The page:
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Ms. CANTWELL. Madam President, I thank the Senator from Minnesota for her leadership on the floor this afternoon. It is great to join her and my other colleagues to talk about the importance of judicial nominees, and in particular today, because today we are talking about the nomination of more female representation on the courts which I think is incredibly important.
I served my first 2 years in the Senate on the Judiciary Committee, and I was struck to find that, I think at that time, I may have been the fourth woman in the whole history of our country to be on the Judiciary Committee. Now I am so proud that my colleague from Minnesota serves on that committee and does an excellent job and that we have other representation as well. But the point we have to ask ourselves is, do we have to get women elected to the Senate to get women on the Judiciary Committee to get women on the courts because our colleagues aren't going to help us do that?
I am rising to support moving these nominations. President Obama has nominated Cornelia Pillard and Patricia Millett. We want to see these vacancies filled. We don't want the same dysfunction which led to a government shutdown to let us move toward the kind of the stopping of putting people on the court. Nominating highly qualified individuals is what the President's job is, and filling seats on the court is not packing the court. It is simply doing the job.
On October 31, 2013, many of my colleagues voted against a motion to end debate on Patricia Millett to be a judge on the U.S. Court of Appeals for the District of Columbia. She is a very highly qualified attorney who has argued before the Supreme Court 32 times and is recognized both by Democrats and Republicans for her legal acumen. Despite her qualifications, her nomination was being blocked. Had she been confirmed, she would only be the sixth woman to sit on the DC District Court of Appeals. So I am questioning the place we are now on this nomination.
Professor Nina Pillard is another filibustered nominee who has argued historic cases before the Supreme Court, including a case to open the Virginia Military Institute to women for the first time in history and a case defending the family medical leave law. American people want to know why are these qualified female judges being blocked. Just 32 percent of the U.S. Appeals Court judges are women. In my opinion, it is time to move forward with more highly qualified nominees to add diversity to the courts.
I have not heard any of my colleagues question the credentials of these nominees. In fact, Ms. Millett has been called ``a brilliant mind, a gift for clear persuasive writing, and a genuine zeal for the rule of law.'' This is not a quote by a Democratic Senator or a liberal think tank. That quote is from former Special Prosecutor Kenneth Starr in a letter with six other Solicitors General, top lawyers who have served in the George H. Bush and George W. Bush and Clinton administrations, basically saying, ``Equally important, she is unfailingly fair minded.'' That is from Mr. Starr.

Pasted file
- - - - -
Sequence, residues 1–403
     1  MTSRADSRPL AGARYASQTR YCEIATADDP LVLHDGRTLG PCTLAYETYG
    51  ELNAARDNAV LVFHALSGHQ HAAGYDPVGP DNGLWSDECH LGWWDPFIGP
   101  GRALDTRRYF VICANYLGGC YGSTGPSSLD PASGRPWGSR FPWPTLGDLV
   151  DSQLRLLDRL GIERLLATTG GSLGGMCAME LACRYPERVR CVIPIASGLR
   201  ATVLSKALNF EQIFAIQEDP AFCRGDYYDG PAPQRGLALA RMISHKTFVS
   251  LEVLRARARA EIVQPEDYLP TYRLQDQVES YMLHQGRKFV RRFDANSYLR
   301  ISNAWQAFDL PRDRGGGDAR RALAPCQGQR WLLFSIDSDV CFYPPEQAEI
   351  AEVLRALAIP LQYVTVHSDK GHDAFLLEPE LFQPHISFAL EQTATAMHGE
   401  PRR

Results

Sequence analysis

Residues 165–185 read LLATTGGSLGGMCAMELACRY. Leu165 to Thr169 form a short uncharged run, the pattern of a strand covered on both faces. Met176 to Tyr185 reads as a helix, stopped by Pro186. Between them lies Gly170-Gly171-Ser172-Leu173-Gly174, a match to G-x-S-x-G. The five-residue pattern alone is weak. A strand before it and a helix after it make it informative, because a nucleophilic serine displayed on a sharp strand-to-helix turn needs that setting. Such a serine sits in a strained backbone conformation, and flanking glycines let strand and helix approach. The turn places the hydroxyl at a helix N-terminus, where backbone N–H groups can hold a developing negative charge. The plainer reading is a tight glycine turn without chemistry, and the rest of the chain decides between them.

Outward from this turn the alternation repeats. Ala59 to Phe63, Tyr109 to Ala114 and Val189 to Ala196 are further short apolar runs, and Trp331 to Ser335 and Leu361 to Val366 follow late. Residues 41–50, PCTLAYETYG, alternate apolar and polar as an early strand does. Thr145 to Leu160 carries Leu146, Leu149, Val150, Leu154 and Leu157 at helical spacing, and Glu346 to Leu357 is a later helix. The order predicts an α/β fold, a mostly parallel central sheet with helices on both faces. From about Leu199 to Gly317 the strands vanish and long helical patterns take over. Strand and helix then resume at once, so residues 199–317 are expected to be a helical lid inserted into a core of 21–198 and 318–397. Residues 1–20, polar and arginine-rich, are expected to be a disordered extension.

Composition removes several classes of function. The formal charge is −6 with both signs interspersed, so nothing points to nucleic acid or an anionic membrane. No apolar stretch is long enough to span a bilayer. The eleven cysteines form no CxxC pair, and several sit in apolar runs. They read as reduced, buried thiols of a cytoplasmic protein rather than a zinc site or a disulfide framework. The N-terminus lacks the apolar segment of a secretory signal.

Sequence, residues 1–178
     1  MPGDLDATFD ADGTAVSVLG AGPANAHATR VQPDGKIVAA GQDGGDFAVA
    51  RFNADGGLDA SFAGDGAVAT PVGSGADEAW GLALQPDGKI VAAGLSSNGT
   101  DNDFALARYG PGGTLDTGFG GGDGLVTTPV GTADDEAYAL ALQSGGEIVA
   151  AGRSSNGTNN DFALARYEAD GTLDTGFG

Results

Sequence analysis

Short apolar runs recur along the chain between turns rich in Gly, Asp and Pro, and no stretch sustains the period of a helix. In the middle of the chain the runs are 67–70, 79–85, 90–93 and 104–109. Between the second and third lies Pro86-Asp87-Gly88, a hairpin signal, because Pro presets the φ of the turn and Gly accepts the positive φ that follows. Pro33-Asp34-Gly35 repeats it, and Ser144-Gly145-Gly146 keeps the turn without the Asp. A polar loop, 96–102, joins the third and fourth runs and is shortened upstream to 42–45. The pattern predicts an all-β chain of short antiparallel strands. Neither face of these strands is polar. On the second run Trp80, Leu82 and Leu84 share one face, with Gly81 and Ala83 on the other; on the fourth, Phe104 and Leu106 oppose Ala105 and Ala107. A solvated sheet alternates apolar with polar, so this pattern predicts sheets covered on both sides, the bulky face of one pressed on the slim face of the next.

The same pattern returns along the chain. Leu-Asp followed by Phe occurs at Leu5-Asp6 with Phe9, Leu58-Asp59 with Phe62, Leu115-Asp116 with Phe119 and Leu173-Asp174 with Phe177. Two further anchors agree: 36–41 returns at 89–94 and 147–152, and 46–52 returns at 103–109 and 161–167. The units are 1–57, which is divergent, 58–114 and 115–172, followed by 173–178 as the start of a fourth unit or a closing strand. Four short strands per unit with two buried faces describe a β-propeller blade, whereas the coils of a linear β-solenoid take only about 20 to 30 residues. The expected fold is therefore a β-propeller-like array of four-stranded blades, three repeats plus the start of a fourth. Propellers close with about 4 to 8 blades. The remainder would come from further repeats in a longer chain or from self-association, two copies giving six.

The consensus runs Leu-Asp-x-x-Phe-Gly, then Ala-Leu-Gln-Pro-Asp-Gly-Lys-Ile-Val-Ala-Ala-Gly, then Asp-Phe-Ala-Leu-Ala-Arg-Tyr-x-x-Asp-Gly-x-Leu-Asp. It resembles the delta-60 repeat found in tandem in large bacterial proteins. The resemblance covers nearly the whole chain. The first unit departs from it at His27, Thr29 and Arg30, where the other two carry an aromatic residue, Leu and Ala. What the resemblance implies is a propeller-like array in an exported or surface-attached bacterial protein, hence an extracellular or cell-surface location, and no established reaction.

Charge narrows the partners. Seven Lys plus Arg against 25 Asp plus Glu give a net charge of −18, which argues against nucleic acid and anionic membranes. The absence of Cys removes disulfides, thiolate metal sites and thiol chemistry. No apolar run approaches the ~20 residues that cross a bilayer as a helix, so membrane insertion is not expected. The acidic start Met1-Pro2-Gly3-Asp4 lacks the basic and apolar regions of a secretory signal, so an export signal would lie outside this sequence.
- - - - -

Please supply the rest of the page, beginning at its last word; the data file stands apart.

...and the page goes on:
So the DC Circuit Court currently has four judges chosen by Democratic Presidents and four by Republicans. There are three vacancies on the court. Republicans are arguing we shouldn't fill these vacancies, that we should just eliminate them. I think my colleague from Minnesota just spoke to this. This is a proposal that is even opposed by Chief Justice John Roberts, who argues that the DC Circuit Court of Appeals is similar to many of the Federal courts and is operating in a state of crisis. He said, ``Based on our current caseload methods, the D.C. Circuit Court should continue to have 11 judgeships.''
So we need a court that is fully staffed. The primary responsibility of this court is the handling of cases involving Federal regulations on environmental safety, health care reform, and insider trading. We should trust that our judicial branch can nominate and get judges on that court that basically will look at the law and not party affiliation and stop obstructing people whom I believe are qualified to be on the court.
I hope we can move forward. Ms. Millett is the second female nominee opposed by Republicans after the nomination of Georgetown professor Pillard was filibustered. However, she joins a long list of judicial nominees who happen to be female who have been opposed, not because of their qualifications but because they were nominated by this President. I will submit that list for the RECORD.
I hope this discussion today points out the need of more women on the courts. Maybe we also need more women elected to the Senate so we can make sure we get more women on the courts. But this is, today, about asking my colleagues on the other side of the aisle to not look past this court. Do not try to diminish it by narrowing its focus. Get more people who will support qualified women so we can have the diversity in America that we need represented on our courts, even at the DC district appeals level.
I thank my colleague from Minnesota for arranging for all of us to be here today to share our views.
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